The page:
The 1970s were hard years on churches. Altar rails, statuary, reredos, stained-glass windows, and elegant ambos were torn out with wild abandon, while churches-in-the-round, modernist statues, and felt banners replaced them. There’s been a recent surge to return older churches to their former glory, replacing wreckovation with true renovation.
Art historian Liz Lev explains a sad phenomenon in the art world, known in Italian as “chapucismo,” or “a sloppy cob job,” where works of art are destroyed irreparably. The Ecco Homo is perhaps the most well-known example, striking both sorrow and the funny-bone because the finished product is such a caricature.
The destruction of churches and art is strikingly similar to another area where beauty is under attack: women. Women have been made to be beautiful and have been the subjects of great art for millennia for good reason. It was International Women’s Day yesterday, but sadly, since the 1960s and 70s, true feminine beauty has been transformed into raw sex appeal. New trends in third-wave feminism and its fourth wave, the LGBTQ+ movement, have maintained high-pitched sexuality, but also splintered off into a different direction – the rejection of the feminine entirely and the embrace of genderlessness.
It’s human nature that, as women, we’re susceptible to trends. It’s seen as a virtue to be breezily trendy or to look as if you stepped out of a fashion magazine. But trends aren’t limited to fabric colors and hairstyles. They extend deeply into patterns of thought and behavior.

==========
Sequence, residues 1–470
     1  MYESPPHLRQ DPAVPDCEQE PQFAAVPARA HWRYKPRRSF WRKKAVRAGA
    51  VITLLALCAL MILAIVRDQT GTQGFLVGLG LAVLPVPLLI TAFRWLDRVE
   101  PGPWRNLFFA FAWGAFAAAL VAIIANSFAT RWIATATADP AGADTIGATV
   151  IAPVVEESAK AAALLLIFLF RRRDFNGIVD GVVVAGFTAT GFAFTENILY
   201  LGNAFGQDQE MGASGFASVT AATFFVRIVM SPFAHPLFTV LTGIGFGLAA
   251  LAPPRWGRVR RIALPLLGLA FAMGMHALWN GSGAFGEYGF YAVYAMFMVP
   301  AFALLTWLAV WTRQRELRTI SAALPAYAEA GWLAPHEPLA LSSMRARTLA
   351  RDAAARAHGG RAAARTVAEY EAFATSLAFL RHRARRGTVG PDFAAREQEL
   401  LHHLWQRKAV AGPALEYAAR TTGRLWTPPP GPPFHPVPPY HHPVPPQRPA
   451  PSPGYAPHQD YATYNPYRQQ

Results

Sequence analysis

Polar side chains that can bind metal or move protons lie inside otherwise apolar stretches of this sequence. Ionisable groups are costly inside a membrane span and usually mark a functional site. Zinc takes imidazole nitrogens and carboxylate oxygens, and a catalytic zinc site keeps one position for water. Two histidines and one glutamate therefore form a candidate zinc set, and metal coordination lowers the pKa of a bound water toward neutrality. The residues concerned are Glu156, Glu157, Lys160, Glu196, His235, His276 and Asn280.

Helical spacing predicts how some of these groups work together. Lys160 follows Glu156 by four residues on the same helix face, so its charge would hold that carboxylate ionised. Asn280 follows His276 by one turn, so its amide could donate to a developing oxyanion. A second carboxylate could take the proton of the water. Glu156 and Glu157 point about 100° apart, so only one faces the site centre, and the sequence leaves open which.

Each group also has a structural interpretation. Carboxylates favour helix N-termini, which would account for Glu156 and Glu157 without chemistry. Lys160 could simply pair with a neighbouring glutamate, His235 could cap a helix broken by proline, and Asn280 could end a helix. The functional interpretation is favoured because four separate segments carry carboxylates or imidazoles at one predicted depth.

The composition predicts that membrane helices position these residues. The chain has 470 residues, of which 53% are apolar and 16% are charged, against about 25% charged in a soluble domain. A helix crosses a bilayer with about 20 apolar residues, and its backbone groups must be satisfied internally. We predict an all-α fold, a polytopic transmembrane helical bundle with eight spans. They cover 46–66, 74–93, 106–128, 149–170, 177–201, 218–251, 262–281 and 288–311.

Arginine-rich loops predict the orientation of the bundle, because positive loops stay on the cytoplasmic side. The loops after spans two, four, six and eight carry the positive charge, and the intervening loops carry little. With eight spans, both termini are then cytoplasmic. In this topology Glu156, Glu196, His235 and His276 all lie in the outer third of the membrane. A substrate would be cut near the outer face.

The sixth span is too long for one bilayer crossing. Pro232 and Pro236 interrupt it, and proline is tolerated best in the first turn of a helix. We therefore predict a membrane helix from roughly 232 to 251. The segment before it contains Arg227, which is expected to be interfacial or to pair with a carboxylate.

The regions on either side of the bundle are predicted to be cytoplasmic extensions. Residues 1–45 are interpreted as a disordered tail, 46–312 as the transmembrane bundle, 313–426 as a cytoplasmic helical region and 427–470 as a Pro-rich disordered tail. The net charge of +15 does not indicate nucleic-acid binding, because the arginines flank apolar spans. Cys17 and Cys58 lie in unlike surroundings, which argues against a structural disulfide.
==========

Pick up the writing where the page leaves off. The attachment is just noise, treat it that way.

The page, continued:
One well-documented current trend – a sort of social contagion among high-school and college women – is to venture into the world of testosterone injections and gender-fluidity. Planned Parenthood has pivoted to accommodate the new demand for body-altering hormones. One employee expressed how deeply conflicted she feels seeing the degree of casualness with which young girls are now seeking such dire physical alterations. It’s not unusual for girls to head there in groups, much like they did to get their ears pierced thirty years ago, but this time motivated by deep pain and confusion about who and what they are.
Other trends beyond hormones and selective hacking off of body parts include looking butch, piercing as many body parts as possible, and covering oneself in tats. Here is a 2018 slideshow of before-and-afters of young girls’ transformations (warning, includes explicit images). The saddest part about these trends is that, unlike renovating a church, many of these changes can’t be undone – it is very difficult to reset a female body after years of male hormone therapy and breast-removal surgery.It is also a challenge to heal the trauma from the lifestyles that often accompany these outward changes.
Read more at The Catholic Thing